The Spec MX-5 Challenge National Championship will be held in November 2020 at Circuit of The Americas. It will bring together the top points qualifiers in the Spec MX-5 Regional Series, Invitationals and National Series. Each driver will carry over points from his or her qualifying races. Carryover points plus those scored in the Championship races will determine the 2020 season champion. An estimated $100,000 in prizes will be awarded and drivers will also be eligible to be selected by Mazda for the MRT24 Shootout.
What Prize and Support Money Can I Earn?
There is extensive support available for Spec MX-5 racers:
• Mazda offers discounts on parts through January 31, 2020
• Mazda offers a contingency program during the regular season:
• Mazda offers ten $1000 scholarships for drivers in the Spec MX-5 Challenge Invitationals (application deadline January 27, 2020)
• Mazda offers one $5000 scholarship for the applicant selected for the Spec MX-5 Pentathlon
• Winding Road Racing offers discounts on safety parts and driver gear to those who join the Spec MX-5 Registry
• The Spec MX-5 Challenge presented by Toyo Tires will award up to $100,000 in prizes at the Championship event in November at Circuit of The Americas.
What is the racing schedule for the series?
The regular season is expected to start in April and culminate in the Spec MX-5 National Championship in November. The exact schedule awaits event scheduling by Spec MX-5 partners SCCA and NASA.
For the regular season marquee events, Spec MX-5 is targeting superior tracks including:
April 25-26: Summit Point Raceway (SCCA)
May 9-10: VIRginia International Raceway (SCCA)
June 6-7: Charlotte Motor Speedway (SCCA)
July 4-5: Watkins Glen International (SCCA)
July 25-26: Road Atlanta (SCCA)
September 5-6: Sebring International (SCCA)
March 21-22: Willow Springs International Raceway (NASA)
May 23-25: Thunderhill Raceway (SCCA)
August 29-30: WeatherTech Raceway Laguna Seca (SCCA)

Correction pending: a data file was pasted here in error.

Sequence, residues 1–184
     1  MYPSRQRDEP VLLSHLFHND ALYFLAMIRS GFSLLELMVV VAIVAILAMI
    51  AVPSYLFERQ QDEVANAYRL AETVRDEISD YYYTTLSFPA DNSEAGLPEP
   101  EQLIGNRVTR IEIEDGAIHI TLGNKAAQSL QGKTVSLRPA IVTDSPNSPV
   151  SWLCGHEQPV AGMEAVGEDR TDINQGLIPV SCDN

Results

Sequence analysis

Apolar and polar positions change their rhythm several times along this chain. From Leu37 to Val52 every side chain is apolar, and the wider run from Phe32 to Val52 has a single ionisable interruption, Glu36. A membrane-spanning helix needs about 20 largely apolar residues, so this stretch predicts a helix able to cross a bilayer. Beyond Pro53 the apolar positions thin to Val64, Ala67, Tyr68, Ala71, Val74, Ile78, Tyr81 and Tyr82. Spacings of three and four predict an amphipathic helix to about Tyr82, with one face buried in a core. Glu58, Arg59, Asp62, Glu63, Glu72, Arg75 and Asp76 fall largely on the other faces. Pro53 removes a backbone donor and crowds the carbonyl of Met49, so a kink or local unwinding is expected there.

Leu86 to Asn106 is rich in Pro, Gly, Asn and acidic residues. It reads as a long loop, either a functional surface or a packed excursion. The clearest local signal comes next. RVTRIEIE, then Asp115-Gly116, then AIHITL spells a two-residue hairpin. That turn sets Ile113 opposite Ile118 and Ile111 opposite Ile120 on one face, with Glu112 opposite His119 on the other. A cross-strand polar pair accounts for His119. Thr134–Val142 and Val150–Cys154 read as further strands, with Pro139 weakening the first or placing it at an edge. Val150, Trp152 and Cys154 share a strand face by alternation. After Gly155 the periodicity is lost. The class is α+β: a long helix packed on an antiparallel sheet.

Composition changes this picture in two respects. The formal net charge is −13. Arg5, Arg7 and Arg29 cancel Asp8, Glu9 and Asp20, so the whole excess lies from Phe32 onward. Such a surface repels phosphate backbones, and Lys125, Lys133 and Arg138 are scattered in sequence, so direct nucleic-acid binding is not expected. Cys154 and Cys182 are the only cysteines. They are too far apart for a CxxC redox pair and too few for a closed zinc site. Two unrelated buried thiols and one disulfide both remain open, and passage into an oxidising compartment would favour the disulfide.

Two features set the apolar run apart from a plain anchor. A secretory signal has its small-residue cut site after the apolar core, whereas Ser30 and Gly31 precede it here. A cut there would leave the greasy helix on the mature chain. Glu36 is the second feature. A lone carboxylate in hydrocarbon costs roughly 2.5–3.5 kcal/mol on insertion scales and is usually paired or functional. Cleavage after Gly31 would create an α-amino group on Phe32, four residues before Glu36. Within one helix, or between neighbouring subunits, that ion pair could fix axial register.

October 10-11: Sonoma Raceway (NASA)
(West Regional drivers may also score points in ST5 on September 12-13 at Utah Motorsports Campus)
SPEC MX-5 CHALLENGE CHAMPIONSHIP
November: CoTA (SVRA)
What are the different ways to get to the Championship?
The Spec MX-5 Challenge Series has four competitions — East Regional Series, West Regional Series, National Series and Invitationals. Drivers from each type of event compete for points in their own series but are on track together:
At the Championship, drivers from West, East, Invitational and the National Series bring the carryover points they’ve earned and then compete head-to-head for the Championship prizes. Additional details are here.
What will the weekend schedule be like?
Each event is run with either SCCA or NASA on a club racing weekend. The series will generally run 3-day events, with the first day being a track test day (usually 3-4 sessions on track), and the next two days following the standard regional weekend format of qualifying and a race each day. The cars running in the Challenge will be assigned an appropriate run group by the organizers and will have a split start from other classes.
What does the season cost and what do I get?
The cost for a season will depend on the type of racing, tow distances and service package selected by the driver. The Spec MX-5 Series office will be available to direct you to race shops providing Spec MX-5 Services. In addition, we will provide a list of entry fees for the various options described above.
Detailed pricing is shown in a PDF spec sheet covering each of the services and car ownership options that will be offered in 2020: Download a detailed example price and services sheet here.
Are there Spec MX-5 cars available for sale?
Most drivers will commission their race shop to build a car for them.
Winding Road Racing is accepting commissions for build slots that begin in October. Contact Winding Road Racing for pricing and availability. Other shops are expected to announce soon. A list of preferred race shops and their services is here.
In addition, the series offers cars for sale; if you are interested in purchasing an existing car or having a new car built, contact the series.
It is also possible to convert existing SCCA T4 or NC Playboy Cup cars to run in the Spec MX-5 Challenge.
Or, you may wish to build your own car.
Can I buy a Spec MX-5 race car from a series-approved builder?
Yes. The series has a list of experienced shops who will build Spec MX-5 v2 cars. The objective is to ensure high-quality and highly standardized cars that fit with the technical migration path (2019-2022) we have developed with Mazda, SCCA and NASA.
Are the rules published so that I can build a car to them?
The Spec MX-5 will run in compliance with NASA and SCCA rules and classes. These classifications (STL for SCCA and ST5 for NASA) have published rules which can be found in the GCR of each organization. Mazda also offers detailed rules specific to the Spec MX-5 race car. Spec MX-5 Challenge publishes competition rules for the marquee events (East and West Regionals, National Series, Invitationals). See rules here.